Long-term climate study shows how Minnesota’s trees will be impacted

University of Minnesota scientists are conducting a long-term climate study

University of Minnesota scientists recently published a study showing that even a modest warming will negatively impact forests in the region.

For the past 14 years, Rebecca Montgomery, Ph.D., and Artur Stefanski, Ph.D., have been working alongside other University of Minnesota scientists to conduct a rare experiment exploring the impacts of climate change on the state’s Northwoods and the southern boreal forests. 

“We are actually in the perfect position because we are in the transition zone between temperate forests, which is south of us and the boreal forest, which is north of us,” explained Stefanski.  “There’s sort of like a constant fight between them to see who will be better and outcompete the others, and so with climate change, that zone will be the most sensitive.”

The team has two research sites, the Forestry Center in Cloquet and the Wilderness Research Center in Ely. To replicate a warmer climate, the trees in the study are heated by infrared heaters above ground and warming cables below ground. 

“Everything is connected via an array of sensors, measuring the temperature on the 5 second cycle,” said Stefanski. Every 5 seconds, it’s adjusting the temperature in the heat.”

The trees are divided into three separate groups. 

“The regular or the temperature it is currently is our control,and then we have roughly two degrees above the ambient and four degrees above the ambient,” Stefanski explained.

This allows the researchers to compare the current conditions with what may happen in the future.

“We are sort of like fortune tellers looking in the crystal ball and trying to see what will happen to those plants 50 to 75 years roughly from now,” said Stefanski.

While most studies last four years, this one has gone on much longer, giving us more answers.

“The more diverse types of weather that we are able to study, the impacts of warming and of of additional reductions in the the rainfall coming in, the more robust I think the conclusions and the interpretation we can make,” said Montgomery.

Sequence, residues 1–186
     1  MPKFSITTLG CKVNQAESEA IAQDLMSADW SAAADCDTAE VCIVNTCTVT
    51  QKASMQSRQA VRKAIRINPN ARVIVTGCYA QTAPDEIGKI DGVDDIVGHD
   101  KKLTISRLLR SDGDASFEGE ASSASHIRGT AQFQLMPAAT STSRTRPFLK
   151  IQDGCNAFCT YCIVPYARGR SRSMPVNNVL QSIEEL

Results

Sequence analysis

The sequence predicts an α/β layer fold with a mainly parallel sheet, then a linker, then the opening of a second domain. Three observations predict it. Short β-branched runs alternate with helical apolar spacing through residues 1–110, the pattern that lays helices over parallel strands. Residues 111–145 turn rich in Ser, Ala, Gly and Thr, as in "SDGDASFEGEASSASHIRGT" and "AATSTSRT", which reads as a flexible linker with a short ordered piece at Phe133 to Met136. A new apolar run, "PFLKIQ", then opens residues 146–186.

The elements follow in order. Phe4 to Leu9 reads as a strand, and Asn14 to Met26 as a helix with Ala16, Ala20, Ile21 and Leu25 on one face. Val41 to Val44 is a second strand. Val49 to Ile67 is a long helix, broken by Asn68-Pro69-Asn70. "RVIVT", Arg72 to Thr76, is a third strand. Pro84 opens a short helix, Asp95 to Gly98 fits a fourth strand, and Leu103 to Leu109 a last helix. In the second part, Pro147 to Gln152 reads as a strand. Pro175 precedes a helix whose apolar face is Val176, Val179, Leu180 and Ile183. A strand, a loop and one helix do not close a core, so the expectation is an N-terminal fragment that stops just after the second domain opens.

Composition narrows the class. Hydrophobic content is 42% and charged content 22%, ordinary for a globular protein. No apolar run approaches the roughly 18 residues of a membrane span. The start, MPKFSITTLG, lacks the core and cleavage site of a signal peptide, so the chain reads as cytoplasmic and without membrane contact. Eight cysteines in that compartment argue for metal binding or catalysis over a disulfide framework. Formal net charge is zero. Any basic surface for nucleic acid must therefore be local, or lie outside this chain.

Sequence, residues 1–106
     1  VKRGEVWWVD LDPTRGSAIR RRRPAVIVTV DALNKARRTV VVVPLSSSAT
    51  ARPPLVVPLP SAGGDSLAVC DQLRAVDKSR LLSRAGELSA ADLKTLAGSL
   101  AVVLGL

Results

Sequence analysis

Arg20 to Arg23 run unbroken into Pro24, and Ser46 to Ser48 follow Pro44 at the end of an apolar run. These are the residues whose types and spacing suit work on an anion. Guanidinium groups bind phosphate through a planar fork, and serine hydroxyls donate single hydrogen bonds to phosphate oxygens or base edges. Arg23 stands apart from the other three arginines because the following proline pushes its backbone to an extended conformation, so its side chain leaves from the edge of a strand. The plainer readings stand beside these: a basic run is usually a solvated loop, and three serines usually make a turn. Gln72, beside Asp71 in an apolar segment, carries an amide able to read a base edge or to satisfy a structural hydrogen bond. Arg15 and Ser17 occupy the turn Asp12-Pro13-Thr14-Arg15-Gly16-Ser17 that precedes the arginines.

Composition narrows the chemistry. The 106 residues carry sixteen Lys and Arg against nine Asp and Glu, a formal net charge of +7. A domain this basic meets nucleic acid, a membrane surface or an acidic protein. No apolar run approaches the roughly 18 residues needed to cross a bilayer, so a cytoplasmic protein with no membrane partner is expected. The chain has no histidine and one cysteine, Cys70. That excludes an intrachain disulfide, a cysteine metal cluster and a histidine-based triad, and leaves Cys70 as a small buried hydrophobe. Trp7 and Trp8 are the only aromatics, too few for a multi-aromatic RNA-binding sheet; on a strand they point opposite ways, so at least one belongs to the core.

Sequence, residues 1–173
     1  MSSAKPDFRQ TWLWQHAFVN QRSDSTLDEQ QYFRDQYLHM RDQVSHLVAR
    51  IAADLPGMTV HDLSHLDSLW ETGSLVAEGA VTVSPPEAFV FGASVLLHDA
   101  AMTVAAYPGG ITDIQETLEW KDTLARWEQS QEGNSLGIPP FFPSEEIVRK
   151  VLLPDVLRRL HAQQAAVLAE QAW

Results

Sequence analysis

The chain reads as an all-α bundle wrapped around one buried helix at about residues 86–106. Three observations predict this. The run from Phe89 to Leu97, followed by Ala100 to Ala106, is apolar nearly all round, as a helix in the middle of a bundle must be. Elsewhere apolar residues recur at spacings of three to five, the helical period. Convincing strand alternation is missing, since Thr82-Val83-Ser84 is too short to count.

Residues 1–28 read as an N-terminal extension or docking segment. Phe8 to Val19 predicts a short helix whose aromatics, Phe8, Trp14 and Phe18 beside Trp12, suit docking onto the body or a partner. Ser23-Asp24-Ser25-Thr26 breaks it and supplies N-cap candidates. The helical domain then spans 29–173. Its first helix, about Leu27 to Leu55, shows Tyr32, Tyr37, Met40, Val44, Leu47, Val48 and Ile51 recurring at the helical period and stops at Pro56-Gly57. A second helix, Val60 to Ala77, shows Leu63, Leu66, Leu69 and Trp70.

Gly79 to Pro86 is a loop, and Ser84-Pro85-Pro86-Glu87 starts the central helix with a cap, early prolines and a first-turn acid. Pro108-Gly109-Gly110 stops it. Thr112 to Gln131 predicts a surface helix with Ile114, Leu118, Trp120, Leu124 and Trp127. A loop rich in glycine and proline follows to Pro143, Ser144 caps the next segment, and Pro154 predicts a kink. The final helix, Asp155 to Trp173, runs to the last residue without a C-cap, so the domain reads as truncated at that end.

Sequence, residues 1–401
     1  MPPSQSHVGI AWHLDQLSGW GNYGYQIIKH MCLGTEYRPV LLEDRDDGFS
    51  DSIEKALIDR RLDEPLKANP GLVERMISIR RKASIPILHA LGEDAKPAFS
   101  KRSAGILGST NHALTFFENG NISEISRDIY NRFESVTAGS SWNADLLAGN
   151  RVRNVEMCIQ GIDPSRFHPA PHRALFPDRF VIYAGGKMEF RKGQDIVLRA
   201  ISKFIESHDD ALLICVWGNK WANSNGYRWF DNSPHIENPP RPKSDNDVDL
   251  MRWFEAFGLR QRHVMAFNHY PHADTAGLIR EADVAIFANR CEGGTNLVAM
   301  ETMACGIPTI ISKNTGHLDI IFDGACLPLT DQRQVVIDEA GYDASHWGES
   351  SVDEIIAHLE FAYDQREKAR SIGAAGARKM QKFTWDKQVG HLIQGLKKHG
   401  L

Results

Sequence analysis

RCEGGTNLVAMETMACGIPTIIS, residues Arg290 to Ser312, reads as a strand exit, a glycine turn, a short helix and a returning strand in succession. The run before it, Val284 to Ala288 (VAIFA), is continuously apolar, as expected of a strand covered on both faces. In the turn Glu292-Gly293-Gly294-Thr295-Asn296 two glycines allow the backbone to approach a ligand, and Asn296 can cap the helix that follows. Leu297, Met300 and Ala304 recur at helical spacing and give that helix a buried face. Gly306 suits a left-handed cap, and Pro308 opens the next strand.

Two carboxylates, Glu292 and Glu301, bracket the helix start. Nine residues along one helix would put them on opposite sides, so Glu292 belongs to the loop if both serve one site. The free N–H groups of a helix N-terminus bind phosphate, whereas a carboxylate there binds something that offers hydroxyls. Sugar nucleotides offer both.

The researchers have published over 40 papers so far. The most recent predicts a grim future for our forests. 

“The warming that’s predicted over the next 30 to 50 to 70 years could cause major changes to the forests here,” explained Montgomery. Those changes include some of the most common species here, like the spruces and the firs that I think sometimes we really think about as iconic species of the Northwoods in Minnesota. Our study shows that they have 50% higher mortality under warmer and drier conditions that are simulating these simulated future conditions.”

Although the Northwoods are at risk, the southern boreal forests may acclimate better.

“Things like maples and oaks that are more common just south of here and are less common in these forests, actually benefit from warming and sometimes can also benefit from drier conditions,” said Montgomery.

Time is of the essence for the transition to new species. 

“Our study basically suggests that there could be some uncertainty and some period of time where the forests are in transition and may be actually vulnerable to things like non-native invasive species and other stressors on the forests,” Montgomery explained.

The team hopes to continue their study. As for now,  an impact can be made by sharing what they’ve learned with those who make decisions about these forests.

“Being able to help them think about which species are vulnerable that they may need to provide extra support for or they may need to say we should start focusing on these other species and looking to those species that are predicted to be more successful in the future.”

“Our work can support on the ground management, conservation, parks, and protected areas to make decisions and understand what the future might look like for the forests and make decisions about what they do in those forests that could support them into the future,” said Montgomery.